Sunscreens and Skin Cancer – the Science
The first sunscreens were developed to prevent severe sunburn in military personnel who spend long hours under strong and direct sunlight (Maceachern 1964). Today, their makers claim all sorts of benefits, from preventing skin aging and damage to protection from skin cancer. Yet experts disagree on the strength and reliability of the scientific evidence behind these claims (Autier 2009, Draelos 2010).
Effectiv December 2012, sunscreens that meet specific FDA criteria will be allowed to make this claim:
“If used as directed with other sun protection measures, decreases the risk of skin cancer and early skin aging caused by the sun” (FDA 2011a).
The FDA decided to allow this claim because sunscreens block UV radiation, which is known to cause skin cancer. Yet FDA has also cited studies showing that sunscreen users spend more time in the sun than non-users. This suggests that the claim of cancer reduction may depend more on the amount of time spent out of the sun than on sunscreen use.
The power of sunscreens to protect against sunburn is well established. This is the feature of sunscreens identified as the Sun Protection Factor or SPF. Yet sunscreens allow people with fair skin to stay outdoors longer, often to get a tan or to maximize burn-free time in the sun. In the process, they are intensely exposed to UVA rays, which do not cause burning but inflict more subtle damage (Autier 2009, Lautenschlager 2007). Meanwhile, research findings conflict.
Skin cancer is the most common cancer in the United States, accounting for nearly half of all cases. The latest statistics raise questions about most effective ways to avoid skin cancer:
- More than two million Americans develop skin cancer each year (Bikle 2008, Rogers 2010, ACS 2010).
- Skin cancer is five times more prevalent in the U.S. population than breast or prostate cancers (Stern 2010).
Even though more people are using sunscreens than ever before, and products are improving in quality, the incidence of skin cancer in the United States and other countries continues to rise (Aceituno-Madera 2010, Jemal 2008, Osterlind 1992). In fact, a number of studies conducted in the 1990s reported higher, not lower, incidence of the deadliest form of skin cancer, malignant melanoma, among frequent sunscreen users (Autier 1998, Beitner 1990, Westerdahl 2000, Wolf 1998). But other studies suggest that sunscreens protect against melanoma (Autier 1995, Green 2010, Westerdahl 2000, Wolf 1994).
Studies show that regular sunscreen use reduces the risk of squamous-cell carcinoma (SCC) but not necessarily of other types of skin cancer. Squamous-cell cancer, a slow-growing, treatable disease, is estimated to account for just 16 percent of all skin cancers. Of the remaining cancers, 80 percent are basal-cell carcinoma and 4 percent are malignant melanoma, according to a review published by the American Cancer Society (Greelee 2001). The International Agency for Research on Cancer (IARC) has concluded that:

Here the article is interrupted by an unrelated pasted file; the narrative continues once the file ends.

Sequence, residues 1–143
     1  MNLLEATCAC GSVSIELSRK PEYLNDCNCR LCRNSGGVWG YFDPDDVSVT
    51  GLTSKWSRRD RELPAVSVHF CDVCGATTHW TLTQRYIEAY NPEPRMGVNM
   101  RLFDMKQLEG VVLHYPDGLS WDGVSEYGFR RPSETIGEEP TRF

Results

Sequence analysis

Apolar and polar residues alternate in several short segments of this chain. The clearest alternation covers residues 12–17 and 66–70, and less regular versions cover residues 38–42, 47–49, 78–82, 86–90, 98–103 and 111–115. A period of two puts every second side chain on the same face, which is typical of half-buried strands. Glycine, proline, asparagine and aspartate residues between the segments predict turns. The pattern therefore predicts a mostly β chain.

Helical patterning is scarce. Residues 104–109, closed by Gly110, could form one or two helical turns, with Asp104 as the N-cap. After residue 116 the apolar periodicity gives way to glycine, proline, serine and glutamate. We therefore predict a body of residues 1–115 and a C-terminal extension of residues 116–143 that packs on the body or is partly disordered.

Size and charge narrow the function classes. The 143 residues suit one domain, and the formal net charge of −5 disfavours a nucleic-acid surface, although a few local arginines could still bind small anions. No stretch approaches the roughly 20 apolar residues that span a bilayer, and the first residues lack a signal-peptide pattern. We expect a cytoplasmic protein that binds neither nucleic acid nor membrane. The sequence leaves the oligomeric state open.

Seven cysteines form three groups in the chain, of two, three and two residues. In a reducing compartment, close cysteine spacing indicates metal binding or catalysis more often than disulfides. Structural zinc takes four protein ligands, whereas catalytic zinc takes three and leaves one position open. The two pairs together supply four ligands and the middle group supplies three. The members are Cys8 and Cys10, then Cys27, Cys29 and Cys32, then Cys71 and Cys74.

- Sunscreen use may decrease the occurrence of squamous cell carcinoma.
- Sunscreen use has no demonstrated influence on basal cell carcinoma.
- In intentional sun exposure situations such as staying outdoors for long periods of time, sunscreen use may increase the risk of melanoma (IARC 2001a, Autier 2009).
Melanoma and sunscreen: UVA, UVB, or both?
Sunlight that reaches Earth’s surface consists of longer-wavelength UVA (315–400 nanometers -nm), shorter wavelength UVB (280–315 nm), visible light and infrared light. UVB constitutes 3-5 percent of the total UV radiation that gets through the atmosphere, while UVA constitutes 95-97 percent.
UVB, which penetrates only the outer skin layer, is the primary cause of sunburn (skin erythema or redness) and non-melanoma skin cancers such as squamous cell carcinoma (von Thaler 2010). UVA penetrates deeper into the skin, causing a different type of DNA damage than UVB (Cadet 2009).
For decades, sunscreen manufacturers and sunscreen users assumed that preventing or delaying sunburn would also avert other dangerous damage, such as skin cancer. Today, many experts believe that both UVA and UVB exposure may contribute to melanoma risk (Donawho 1996, Garland 2003, Godar 2009, Setlow 1993). Sunscreens sold over the past three decades may not have afforded cancer protection because they blocked UVB but allowed higher UVA exposure (Draelos 2010). Thus sunscreens may have contributed to risk of melanoma in some populations (Gorham 2007).